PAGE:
In addition, SWS offers a number of web-based resources on topics such as avoiding plagiarism, documenting sources, and planning and completing a writing project. See http://writing.umn.edu/sws/quickhelp/index.html .
- SWS resources for multilingual writers
- Also: www.writing.umn/sws/multilingual.html
Comprehensive set of discipline-specific as well as general writing tips and information.
Grammar and Mechanics
- Common Errors - Editing Checklist
- Online Quiz at Indiana University
- UMN Center for Writing Plagiarism Information
- Revising Research Topics Tips on revising the scope of research topics
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Visit Student Writing Support for free face-to-face and online writing consultations for all University of Minnesota students—graduate and undergraduate—at all stages of the writing process.
Join the graduate interdisciplinary Literacy and Rhetorical Studies minor.
Access Quick help for printable handouts and other online writing resources.
Develop strategies for incorporating writing in your courses through Teaching with Writing consultations, workshops, discussions, and sample teaching materials.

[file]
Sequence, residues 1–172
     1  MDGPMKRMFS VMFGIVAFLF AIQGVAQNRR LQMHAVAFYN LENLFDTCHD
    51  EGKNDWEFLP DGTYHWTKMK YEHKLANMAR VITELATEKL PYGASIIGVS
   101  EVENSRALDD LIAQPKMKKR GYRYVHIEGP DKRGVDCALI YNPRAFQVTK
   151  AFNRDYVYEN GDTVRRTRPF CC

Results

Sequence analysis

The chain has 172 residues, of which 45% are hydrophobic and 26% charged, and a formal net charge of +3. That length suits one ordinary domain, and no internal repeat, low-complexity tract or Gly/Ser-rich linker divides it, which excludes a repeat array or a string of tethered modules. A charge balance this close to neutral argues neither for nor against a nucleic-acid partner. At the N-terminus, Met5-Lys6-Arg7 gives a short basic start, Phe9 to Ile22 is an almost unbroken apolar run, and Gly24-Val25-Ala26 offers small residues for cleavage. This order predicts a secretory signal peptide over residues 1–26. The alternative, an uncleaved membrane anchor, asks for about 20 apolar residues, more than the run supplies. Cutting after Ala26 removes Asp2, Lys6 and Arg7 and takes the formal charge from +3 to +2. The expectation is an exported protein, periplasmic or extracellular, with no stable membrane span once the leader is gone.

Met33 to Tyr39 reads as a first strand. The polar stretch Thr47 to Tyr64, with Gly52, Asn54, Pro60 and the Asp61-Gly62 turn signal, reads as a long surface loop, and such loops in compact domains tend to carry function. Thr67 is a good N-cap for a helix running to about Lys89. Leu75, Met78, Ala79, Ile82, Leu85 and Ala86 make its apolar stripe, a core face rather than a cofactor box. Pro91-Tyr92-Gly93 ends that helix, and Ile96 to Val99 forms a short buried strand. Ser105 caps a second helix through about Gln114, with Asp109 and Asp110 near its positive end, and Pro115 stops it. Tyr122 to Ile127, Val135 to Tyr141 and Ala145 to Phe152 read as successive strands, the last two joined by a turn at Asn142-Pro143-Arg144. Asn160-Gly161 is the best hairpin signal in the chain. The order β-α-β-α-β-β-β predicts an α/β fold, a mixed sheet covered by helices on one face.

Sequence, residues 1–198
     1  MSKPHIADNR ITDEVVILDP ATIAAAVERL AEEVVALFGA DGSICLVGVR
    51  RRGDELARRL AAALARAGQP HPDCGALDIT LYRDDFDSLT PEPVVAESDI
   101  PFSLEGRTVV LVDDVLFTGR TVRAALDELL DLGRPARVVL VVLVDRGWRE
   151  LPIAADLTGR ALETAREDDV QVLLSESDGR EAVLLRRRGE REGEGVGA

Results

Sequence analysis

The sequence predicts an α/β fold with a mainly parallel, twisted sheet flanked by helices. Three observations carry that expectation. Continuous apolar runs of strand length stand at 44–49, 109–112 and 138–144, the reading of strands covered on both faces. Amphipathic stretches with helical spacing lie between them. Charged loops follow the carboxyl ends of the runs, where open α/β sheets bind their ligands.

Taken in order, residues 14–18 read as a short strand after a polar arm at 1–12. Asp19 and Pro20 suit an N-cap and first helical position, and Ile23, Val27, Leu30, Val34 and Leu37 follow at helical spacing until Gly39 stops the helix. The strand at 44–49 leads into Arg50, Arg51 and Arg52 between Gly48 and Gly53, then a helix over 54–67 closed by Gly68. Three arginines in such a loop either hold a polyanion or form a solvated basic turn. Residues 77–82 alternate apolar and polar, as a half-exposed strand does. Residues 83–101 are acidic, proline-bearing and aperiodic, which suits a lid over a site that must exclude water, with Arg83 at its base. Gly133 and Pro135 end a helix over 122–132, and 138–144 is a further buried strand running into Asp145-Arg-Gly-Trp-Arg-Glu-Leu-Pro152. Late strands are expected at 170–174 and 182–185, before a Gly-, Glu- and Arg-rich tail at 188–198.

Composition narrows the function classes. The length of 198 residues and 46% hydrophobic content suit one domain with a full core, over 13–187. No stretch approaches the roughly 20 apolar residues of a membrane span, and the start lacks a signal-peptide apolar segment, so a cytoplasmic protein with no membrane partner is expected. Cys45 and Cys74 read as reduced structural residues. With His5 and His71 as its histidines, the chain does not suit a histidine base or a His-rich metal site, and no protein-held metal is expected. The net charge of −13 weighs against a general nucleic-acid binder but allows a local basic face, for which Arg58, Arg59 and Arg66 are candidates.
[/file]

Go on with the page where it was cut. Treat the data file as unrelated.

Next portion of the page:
Engage in the internationally-recognized Writing-Enriched Curriculum process to integrate writing and writing instruction into your undergraduate curricula.
Apply for a Grant for the Study of Writing in the Disciplines .
For K-College Educators
Learn about the Minnesota Writing Project , a National Writing Project site committed to improving student literacy through the development of the leadership, voice, and professionalism of educators.
Apply for the next MWP Invitational Leadership Institute or one of our Open Institutes .
Participate in upcoming teacher professional development workshops .
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When you major or minor in English, you’ll be building a solid foundation for success in any career. You’ll also have achieved intellectual independence; clear, confident expression; broad perspectives; and a cultural understanding of how literature engages with societal issues. As a student in the English program at UMN Morris, you’ll benefit from a flexible curriculum with courses that expose you to a wide range of literature and written works. You’ll receive individual attention from award-winning faculty members who will closely analyze your work to help you improve your written and oral communication skills.
The advantage of studying English at UMN Morris is that classes are small, allowing for dialogue across differences; camaraderie, collaboration, and friendship among students; an in-depth grasp of the subject matter; and close mentoring relationships between students and professors.